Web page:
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I might not be understanding the core concept, in which case correct me if I'm wrong.

Ubuntu comes with two different audio rendering servers, pulse and alsa. Is Alsa an intermediary layer to pulse? Essentially I need to know which one I'm using.

The reason I need to know is that I am attempting to switch from unity to i3-wm. While setting up i3 I found I had no audio and came upon this thread. It specifies various options for binding my laptop volume up and down keys to their functionality and after I tinkered with a few of the options I got very scratchy audio, which is why (I assume) I need to know which I'm actually using.

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Ubuntu uses both ALSA, and Pulseaudio for controlling sound input and output.

ALSA

ALSA serves as a kernel based system to connect your sound hardware to the operating system. All sound cards in your system will controlled using drivers and card specific settings. Most of this is done under the hood with no need for users to interfere.

In addition ALSA offers libraries and tools to control our sound system. The tool most of us may have come across may be the alsamixer, a semi-graphical terminal application to control sound volume, and mute state of all cards and profiles in our system.

We can give out sound to our soundcard simply by using ALSA without the need of PulseAudio ore anyother sound server.

Pulse Audio

On top of the ALSA base the PulseAudio sound server provides further tools to better control our sound system. This is done with modules to define volume levels, audio card profiles, output sinks, or input sources, and more for easy access from most Ubuntu applications.

Like ALSA, PulseAudio is also designed to run with as few user interactions as possible. Whenever we need to change volume, balance, or input/output devices it is a PulseAudio module or application we or our application call.

A professional alternative to PulseAudio is the JACK audio server with more options to interact with our sound hardware and a better low latency support. Only few music production applications expect to have JACK running, which can be done in parallel to PulseAudio.

Application/Desktop integration

The Ubuntu sound system can further be controlled from applications that run from the Unity/GNOME desktop, such as a volume control applet.

Where any given application makes use of sound control will be up to the application developers. Some applications will only use ALSA, some need PulseAudio, some need JACK.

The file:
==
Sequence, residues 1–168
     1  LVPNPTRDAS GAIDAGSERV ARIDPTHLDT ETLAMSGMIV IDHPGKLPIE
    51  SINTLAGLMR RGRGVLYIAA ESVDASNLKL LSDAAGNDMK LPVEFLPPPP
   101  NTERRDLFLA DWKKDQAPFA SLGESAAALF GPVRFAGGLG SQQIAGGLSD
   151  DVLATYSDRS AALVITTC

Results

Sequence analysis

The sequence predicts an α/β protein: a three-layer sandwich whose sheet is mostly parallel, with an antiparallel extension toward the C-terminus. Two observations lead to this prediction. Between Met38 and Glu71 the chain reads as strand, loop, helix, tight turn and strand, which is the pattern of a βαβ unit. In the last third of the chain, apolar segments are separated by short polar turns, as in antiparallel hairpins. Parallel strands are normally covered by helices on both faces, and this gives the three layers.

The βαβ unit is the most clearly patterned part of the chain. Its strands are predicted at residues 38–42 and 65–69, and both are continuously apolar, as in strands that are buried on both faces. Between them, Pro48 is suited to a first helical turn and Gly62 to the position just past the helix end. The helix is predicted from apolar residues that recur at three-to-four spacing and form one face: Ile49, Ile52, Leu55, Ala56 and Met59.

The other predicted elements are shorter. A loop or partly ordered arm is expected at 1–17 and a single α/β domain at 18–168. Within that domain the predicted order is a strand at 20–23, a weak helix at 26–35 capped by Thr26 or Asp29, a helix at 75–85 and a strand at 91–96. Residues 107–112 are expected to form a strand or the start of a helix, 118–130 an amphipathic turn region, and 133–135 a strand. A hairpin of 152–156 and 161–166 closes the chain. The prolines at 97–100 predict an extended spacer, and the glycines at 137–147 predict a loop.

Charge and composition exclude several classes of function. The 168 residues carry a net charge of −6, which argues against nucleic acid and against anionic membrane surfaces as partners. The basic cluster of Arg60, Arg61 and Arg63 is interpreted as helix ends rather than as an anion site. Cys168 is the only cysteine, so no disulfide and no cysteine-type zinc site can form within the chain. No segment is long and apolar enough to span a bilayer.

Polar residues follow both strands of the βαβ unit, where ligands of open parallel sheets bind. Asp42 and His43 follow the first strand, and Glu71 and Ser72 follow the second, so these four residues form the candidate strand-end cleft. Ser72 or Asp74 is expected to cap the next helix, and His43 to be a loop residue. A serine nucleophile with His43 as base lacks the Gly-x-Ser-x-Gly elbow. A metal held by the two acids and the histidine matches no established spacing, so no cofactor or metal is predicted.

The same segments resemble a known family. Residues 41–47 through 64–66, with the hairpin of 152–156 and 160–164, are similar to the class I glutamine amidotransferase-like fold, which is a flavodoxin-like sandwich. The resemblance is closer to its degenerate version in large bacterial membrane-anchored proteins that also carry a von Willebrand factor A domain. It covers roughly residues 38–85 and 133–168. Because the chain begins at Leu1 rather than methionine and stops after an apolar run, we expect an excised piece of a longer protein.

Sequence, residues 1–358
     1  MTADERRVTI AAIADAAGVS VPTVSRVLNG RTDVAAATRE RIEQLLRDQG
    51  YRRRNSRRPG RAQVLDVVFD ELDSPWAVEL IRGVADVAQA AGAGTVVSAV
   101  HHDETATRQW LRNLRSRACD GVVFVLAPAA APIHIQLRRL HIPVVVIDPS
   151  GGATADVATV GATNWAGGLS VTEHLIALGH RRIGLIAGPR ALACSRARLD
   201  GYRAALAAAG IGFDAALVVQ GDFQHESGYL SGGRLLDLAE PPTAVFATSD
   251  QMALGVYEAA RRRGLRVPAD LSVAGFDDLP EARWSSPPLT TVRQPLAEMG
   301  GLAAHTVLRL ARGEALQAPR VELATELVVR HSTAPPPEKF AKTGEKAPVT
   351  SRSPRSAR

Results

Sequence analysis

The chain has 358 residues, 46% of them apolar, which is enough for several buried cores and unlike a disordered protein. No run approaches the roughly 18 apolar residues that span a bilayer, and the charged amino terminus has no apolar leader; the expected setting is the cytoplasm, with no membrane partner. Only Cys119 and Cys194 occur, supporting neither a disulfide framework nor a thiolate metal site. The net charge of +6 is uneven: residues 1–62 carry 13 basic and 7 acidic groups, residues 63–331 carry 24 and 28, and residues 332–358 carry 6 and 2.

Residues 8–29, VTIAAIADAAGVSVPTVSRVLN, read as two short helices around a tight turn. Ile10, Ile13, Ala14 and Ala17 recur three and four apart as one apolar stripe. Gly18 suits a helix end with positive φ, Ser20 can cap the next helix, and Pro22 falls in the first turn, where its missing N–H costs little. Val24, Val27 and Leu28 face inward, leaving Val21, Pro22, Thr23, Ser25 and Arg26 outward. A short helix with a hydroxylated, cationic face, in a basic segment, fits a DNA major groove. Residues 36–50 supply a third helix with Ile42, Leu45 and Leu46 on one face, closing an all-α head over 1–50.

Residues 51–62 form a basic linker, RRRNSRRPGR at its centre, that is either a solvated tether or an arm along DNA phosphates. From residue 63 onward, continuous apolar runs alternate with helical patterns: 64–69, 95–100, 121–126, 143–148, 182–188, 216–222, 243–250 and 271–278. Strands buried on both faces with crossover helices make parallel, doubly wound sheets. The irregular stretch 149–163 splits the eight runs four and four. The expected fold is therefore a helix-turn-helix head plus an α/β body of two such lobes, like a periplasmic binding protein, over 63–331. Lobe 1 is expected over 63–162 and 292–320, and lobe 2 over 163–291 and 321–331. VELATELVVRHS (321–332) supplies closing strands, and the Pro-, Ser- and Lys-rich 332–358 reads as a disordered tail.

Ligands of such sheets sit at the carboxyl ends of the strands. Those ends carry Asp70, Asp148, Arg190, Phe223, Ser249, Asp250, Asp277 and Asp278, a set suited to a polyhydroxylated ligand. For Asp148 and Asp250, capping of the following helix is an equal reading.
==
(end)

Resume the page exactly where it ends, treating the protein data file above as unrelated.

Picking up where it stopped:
Therefore whenever we install another desktop manager on top of Ubuntu we may lose the desktop specific applications to control sound but still, ALSA and PulseAudio will run in the background for sound control.

We may have to install additional packages like e.g. pavucontrol Install pavucontrol, the pulseaudio GTK-based volume control application.

Is any of ALSA or PulseAudio running?

Both ALSA and PulseAudio come with command line appliciations to print out the state of our sound system.

  • PulseAudio:

    pactl list
    
  • ALSA:

    aplay -l
    

Both will give an error if the sound system is not running. ALSA will be loaded with the kernel, PulseAudio will be started later. If this was not the case we can start PulseAudio manually from the terminal with:

pulseaudio [options]  ## option -D starts the daemon

In case we have audio issues I recommend reading the post written by David Henningsson on things we should not do befor we go further to debug our audio issue.

  • 1
    @Takkat amazing explanation, thanks a lot. I have been for quite a long time trying to get the basic understanding of the audio system in Linux and Ubuntu. – AlexN Apr 17 '16 at 21:02
  • In my raspberry pi system, "pactl list" returns "Connection refused", but "pactl --server 127.0.0.1 list" works. exporting the environment variable "PULSE_SERVER=127.0.0.1" allows pulseaudio clients to correctly connect. Any ideas what i'm missing ? This is on a raspberry pi. – Joao Costa Jun 19 '16 at 3:02

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